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Location: Washington, DC, United States

The following ISS sightings are possible from Monday Mar 30, 2020 through Tuesday Apr 14, 2020

Date Visible Max Height Appears Disappears Share Event
Mon Mar 30, 9:12 PM 2 min 16° 11° above NNW 16° above NNE  
Tue Mar 31, 8:25 PM 3 min 13° 10° above NNW 10° above NE  
Tue Mar 31, 10:01 PM < 1 min 18° 15° above NW 18° above NW  
Wed Apr 1, 9:14 PM 2 min 30° 12° above NNW 30° above NNE  
Thu Apr 2, 8:27 PM 4 min 22° 11° above NNW 14° above ENE  
Thu Apr 2, 10:04 PM < 1 min 18° 18° above WNW 18° above WNW  
Fri Apr 3, 9:17 PM 2 min 73° 23° above NW 73° above NW  
Sat Apr 4, 8:30 PM 4 min 50° 18° above NW 23° above ESE  
Sat Apr 4, 10:06 PM < 1 min 12° 11° above W 12° above W  
Sun Apr 5, 9:20 PM 2 min 27° 18° above W 26° above SW  
Mon Apr 6, 8:33 PM 3 min 48° 36° above W 15° above SSE  
Wed Apr 8, 8:36 PM 3 min 15° 14° above WSW 10° above SSW  
2020-03-31 01:12:00.0,Mon Mar 30, 9:12 PM,2 min,16°,11° above NNW,16° above NNE|2020-04-01 00:25:00.0,Tue Mar 31, 8:25 PM,3 min,13°,10° above NNW,10° above NE|2020-04-01 02:01:00.0,Tue Mar 31, 10:01 PM,< 1 min,18°,15° above NW,18° above NW|2020-04-02 01:14:00.0,Wed Apr 1, 9:14 PM,2 min,30°,12° above NNW,30° above NNE|2020-04-03 00:27:00.0,Thu Apr 2, 8:27 PM,4 min,22°,11° above NNW,14° above ENE|2020-04-03 02:04:00.0,Thu Apr 2, 10:04 PM,< 1 min,18°,18° above WNW,18° above WNW|2020-04-04 01:17:00.0,Fri Apr 3, 9:17 PM,2 min,73°,23° above NW,73° above NW|2020-04-05 00:30:00.0,Sat Apr 4, 8:30 PM,4 min,50°,18° above NW,23° above ESE|2020-04-05 02:06:00.0,Sat Apr 4, 10:06 PM,< 1 min,12°,11° above W,12° above W|2020-04-06 01:20:00.0,Sun Apr 5, 9:20 PM,2 min,27°,18° above W,26° above SW|2020-04-07 00:33:00.0,Mon Apr 6, 8:33 PM,3 min,48°,36° above W,15° above SSE|2020-04-09 00:36:00.0,Wed Apr 8, 8:36 PM,3 min,15°,14° above WSW,10° above SSW|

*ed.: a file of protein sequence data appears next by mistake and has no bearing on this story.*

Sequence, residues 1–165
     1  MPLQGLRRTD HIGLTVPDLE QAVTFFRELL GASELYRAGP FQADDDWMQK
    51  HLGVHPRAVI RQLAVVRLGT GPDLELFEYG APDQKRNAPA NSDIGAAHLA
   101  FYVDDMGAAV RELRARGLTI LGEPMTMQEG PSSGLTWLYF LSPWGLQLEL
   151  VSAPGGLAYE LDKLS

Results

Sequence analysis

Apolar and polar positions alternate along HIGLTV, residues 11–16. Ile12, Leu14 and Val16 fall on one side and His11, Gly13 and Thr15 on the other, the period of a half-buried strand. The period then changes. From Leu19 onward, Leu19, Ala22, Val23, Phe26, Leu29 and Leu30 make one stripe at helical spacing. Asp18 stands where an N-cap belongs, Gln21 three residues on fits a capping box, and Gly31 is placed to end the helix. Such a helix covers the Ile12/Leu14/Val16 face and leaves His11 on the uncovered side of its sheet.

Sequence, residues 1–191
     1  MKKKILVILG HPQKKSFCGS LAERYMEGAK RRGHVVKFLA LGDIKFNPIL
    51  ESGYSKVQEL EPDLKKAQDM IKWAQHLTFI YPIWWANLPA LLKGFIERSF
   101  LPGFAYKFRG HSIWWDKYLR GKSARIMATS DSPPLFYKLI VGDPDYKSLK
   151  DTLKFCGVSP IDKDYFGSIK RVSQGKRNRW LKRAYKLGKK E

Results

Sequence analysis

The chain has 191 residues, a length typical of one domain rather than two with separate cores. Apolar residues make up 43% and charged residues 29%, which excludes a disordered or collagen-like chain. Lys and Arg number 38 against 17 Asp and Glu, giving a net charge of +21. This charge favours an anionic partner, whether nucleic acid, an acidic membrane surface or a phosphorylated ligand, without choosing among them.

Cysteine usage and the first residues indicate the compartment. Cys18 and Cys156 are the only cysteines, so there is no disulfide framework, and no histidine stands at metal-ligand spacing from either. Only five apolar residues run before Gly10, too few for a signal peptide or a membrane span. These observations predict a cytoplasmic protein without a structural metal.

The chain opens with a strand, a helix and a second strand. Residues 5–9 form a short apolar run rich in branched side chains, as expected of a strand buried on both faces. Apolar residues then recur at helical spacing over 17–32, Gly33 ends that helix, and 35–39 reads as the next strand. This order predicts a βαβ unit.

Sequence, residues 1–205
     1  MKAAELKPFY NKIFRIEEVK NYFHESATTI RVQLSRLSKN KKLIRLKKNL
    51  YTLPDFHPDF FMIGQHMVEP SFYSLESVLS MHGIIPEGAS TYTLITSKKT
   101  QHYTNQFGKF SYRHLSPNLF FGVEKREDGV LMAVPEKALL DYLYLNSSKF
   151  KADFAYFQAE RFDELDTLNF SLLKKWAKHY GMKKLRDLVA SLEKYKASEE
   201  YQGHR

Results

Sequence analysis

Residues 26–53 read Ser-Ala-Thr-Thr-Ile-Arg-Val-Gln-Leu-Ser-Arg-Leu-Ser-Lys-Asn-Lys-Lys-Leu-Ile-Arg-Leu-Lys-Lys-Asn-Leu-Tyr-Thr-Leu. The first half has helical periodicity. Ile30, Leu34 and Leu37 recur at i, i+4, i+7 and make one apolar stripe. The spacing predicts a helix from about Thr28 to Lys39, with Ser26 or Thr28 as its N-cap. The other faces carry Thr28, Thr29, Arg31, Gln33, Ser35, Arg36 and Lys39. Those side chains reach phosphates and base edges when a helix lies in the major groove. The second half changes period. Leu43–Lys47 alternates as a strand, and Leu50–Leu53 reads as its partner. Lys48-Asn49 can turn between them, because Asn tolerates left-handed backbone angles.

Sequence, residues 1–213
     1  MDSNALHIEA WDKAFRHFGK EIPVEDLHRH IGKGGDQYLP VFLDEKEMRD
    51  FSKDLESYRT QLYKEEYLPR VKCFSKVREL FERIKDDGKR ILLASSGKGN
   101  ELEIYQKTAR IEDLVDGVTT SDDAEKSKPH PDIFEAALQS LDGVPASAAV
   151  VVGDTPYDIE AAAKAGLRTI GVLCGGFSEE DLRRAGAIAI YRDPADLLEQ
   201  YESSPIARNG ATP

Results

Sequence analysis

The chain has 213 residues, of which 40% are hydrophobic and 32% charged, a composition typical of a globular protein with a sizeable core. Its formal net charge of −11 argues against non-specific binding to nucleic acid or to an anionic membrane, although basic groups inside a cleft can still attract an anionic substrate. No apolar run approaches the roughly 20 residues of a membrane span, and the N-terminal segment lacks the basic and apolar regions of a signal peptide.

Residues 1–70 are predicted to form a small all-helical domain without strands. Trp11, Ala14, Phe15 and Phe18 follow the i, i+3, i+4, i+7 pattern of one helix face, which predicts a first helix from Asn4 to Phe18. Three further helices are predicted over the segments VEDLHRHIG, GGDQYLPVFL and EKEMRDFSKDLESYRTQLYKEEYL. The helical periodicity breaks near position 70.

The space station looks like an airplane or a very bright star moving across the sky, except it doesn’t have flashing lights or change direction. It will also be moving considerably faster than a typical airplane (airplanes generally fly at about 600 miles per hour; the space station flies at 17,500 miles per hour).

Below is a time-lapse photo of the space station moving across the sky.

The International Space Station is seen in this 30 second exposure as it flies over Elkton, VA early in the morning, Saturday, August 1, 2015. Photo Credit: NASA/Bill Ingalls The International Space Station is seen in this 30 second exposure as it flies over Elkton, VA early in the morning, Saturday, August 1, 2015. Photo Credit: NASA/Bill Ingalls

Visit the NASA Johnson Flickr Photostream

How do I Spot The Station?

What does all this sighting information mean?

Time is when the sighting opportunity will begin in your local time zone. All sightings will occur within a few hours before or after sunrise or sunset. This is the optimum viewing period as the sun reflects off the space station and contrasts against the darker sky.

Visible is the maximum time period the space station is visible before crossing back below the horizon.

Max Height is measured in degrees (also known as elevation). It represents the height of the space station from the horizon in the night sky. The horizon is at zero degrees, and directly overhead is ninety degrees. If you hold your fist at arm’s length and place your fist resting on the horizon, the top will be about 10 degrees.

Appears is the location in the sky where the station will be visible first. This value, like maximum height, also is measured in degrees from the horizon. The letters represent compass directions -- N is north, WNW is west by northwest, and so on.

Disappears represents where in the night sky the International Space Station will leave your field of view.

Astronomical Horizon chart. Click the link for a detailed description of the astronomical horizon and sighting alert messages.